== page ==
An American Tragedy Chapter 31

Unfortunately, however, the Christmas dinner at the Griffiths’, which included the Starks and their daughter Arabella, Mr. and Mrs. Wynant, who in the absence of their daughter Constance with Gilbert were dining with the Griffiths, the Arnolds, Anthonys, Harriets, Taylors and others of note in Lycurgus, so impressed and even overawed Clyde that although five o’clock came and then six, he was incapable of breaking away or thinking clearly and compellingly of his obligation to Roberta. Even when, slightly before six, the greater portion of those who had been thus cheerfully entertained began rising and making their bows and departing (and when he, too, should have been doing the same and thinking of his appointment with Roberta), being accosted by Violet Taylor, who was part of the younger group, and who now began talking of some additional festivities to be held that same evening at the Anthonys’, and who added most urgently, “You’re coming with us, aren’t you? Sure you are,” he at once acquiesced, although his earlier promise to Roberta forced the remembrance that she was probably already back and expecting him. But still he had time even now, didn’t he?

Yet, once at the Anthonys’, and talking and dancing with various girls, the obligation faded. But at nine he began worrying a little. For by this time she must be in her room and wondering what had become of him and his promise. And on Christmas night, too. And after she had been away three days.

Inwardly he grew more and more restless and troubled, the while outwardly he maintained that same high spirit that characterized him throughout the afternoon. Fortunately for his own mood, this same group, having danced and frolicked every night for the past week until almost nervously exhausted, it now unanimously and unconsciously yielded to weariness and at eleven thirty, broke up. And after having escorted Bella Griffiths to her door, Clyde hurried around to Elm Street to see if by any chance Roberta was still awake.

As he neared the Gilpins’ he perceived through the snow-covered bushes and trees the glow of her single lamp. And for the time being, troubled as to what he should say—how excuse himself for this inexplicable lapse—he paused near one of the large trees that bordered the street, debating with himself as to just what he would say. Would he insist that he had again been to the Griffiths’, or where? For according to his previous story he had only been there the Friday before. In the months before when he had no social contacts, but was merely romanticizing in regard to them, the untruths he found himself telling her caused him no twinges of any kind. They were not real and took up no actual portion of his time, nor did they interfere with any of his desired contacts with her. But now in the face of the actuality and the fact that these new contacts meant everything to his future, as he saw it, he hesitated. His quick conclusion was to explain his absence this evening by a second invitation which had come later, also by asseverating that the Griffiths being potentially in charge of his material welfare, it was becoming more and more of a duty rather than an idle, evasive pleasure to desert her in this way at their command. Could he help it? And with this half-truth permanently fixed in his mind, he crossed the snow and gently tapped at her window.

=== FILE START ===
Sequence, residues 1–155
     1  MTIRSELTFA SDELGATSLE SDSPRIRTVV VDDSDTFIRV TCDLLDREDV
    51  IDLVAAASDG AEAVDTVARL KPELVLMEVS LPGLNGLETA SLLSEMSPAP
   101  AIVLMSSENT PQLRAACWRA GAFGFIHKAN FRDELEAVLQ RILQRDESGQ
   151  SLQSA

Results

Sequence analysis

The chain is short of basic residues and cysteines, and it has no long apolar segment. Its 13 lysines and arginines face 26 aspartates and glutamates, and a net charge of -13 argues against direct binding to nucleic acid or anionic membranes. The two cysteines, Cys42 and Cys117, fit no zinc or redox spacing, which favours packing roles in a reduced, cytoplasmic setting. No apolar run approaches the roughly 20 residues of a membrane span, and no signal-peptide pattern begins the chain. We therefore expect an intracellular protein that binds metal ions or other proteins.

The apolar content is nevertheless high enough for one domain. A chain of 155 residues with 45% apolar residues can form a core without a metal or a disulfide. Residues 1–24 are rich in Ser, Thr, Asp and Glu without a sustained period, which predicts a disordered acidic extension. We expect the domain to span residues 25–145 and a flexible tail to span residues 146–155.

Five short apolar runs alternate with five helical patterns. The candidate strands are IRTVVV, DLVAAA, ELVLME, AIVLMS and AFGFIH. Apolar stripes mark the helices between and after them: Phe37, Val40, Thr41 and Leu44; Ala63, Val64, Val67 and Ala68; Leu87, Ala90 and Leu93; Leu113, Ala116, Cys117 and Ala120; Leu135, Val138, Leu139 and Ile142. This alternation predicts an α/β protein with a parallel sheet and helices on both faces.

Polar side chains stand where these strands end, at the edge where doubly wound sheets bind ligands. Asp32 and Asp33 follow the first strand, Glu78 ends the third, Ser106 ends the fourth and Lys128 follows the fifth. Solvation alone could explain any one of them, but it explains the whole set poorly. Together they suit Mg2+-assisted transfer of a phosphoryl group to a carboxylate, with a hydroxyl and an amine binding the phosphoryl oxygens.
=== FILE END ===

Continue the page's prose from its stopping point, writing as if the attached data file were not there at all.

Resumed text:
At once the light was extinguished and a moment later the curtain lifted. Then Roberta, who had been mournfully brooding, opened the door and admitted him, having previously lit a candle as was her custom in order to avoid detection as much as possible, and at once he began in a whisper:

“Gee, but this society business here is getting to be the dizzy thing, honey. I never saw such a town as this. Once you go with these people one place to do one thing, they always have something else they want you to do. They’re on the go all the time. When I went there Friday (he was referring to his lie about having gone to the Griffiths’), I thought that would be the last until after the holidays, but yesterday, and just when I was planning to go somewhere else, I got a note saying they expected me to come there again to-day for dinner sure.”

“And to-day when I thought the dinner would begin at two,” he continued to explain, “and end in time for me to be around here by eight like I said, it didn’t start until three and only broke up a few minutes ago. Isn’t that the limit? And I just couldn’t get away for the last four hours. How’ve you been, honey? Did you have a good time? I hope so. Did they like the present I gave you?”

He rattled off these questions, to which she made brief and decidedly terse replies, all the time looking at him as much as to say, “Oh, Clyde, how can you treat me like this?”

But Clyde was so much interested in his own alibi, and how to convince Roberta of the truth of it, that neither before nor after slipping off his coat, muffler and gloves and smoothing back his hair, did he look at her directly, or even tenderly, or indeed do anything to demonstrate to her that he was truly delighted to see her again. On the contrary, he was so fidgety and in part flustered that despite his past professions and actions she could feel that apart from being moderately glad to see her again he was more concerned about himself and his own partially explained defection than he was about her. And although after a few moments he took her in his arms and pressed his lips to hers, still, as on Saturday, she could feel that he was only partially united to her in spirit. Other things—the affairs that had kept him from her on Friday and to-night—were disturbing his thoughts and hers.

She looked at him, not exactly believing and yet not entirely wishing to disbelieve him. He might have been at the Griffiths’, as he said, and they might have detained him. And yet he might not have, either. For she could not help recalling that on the previous Saturday he had said he had been there Friday and the paper on the other hand had stated that he was in Gloversville. But if she questioned him in regard to these things now, would he not get angry and lie to her still more? For after all she could not help thinking that apart from his love for her she had no real claim on him. But she could not possibly imagine that he could change so quickly.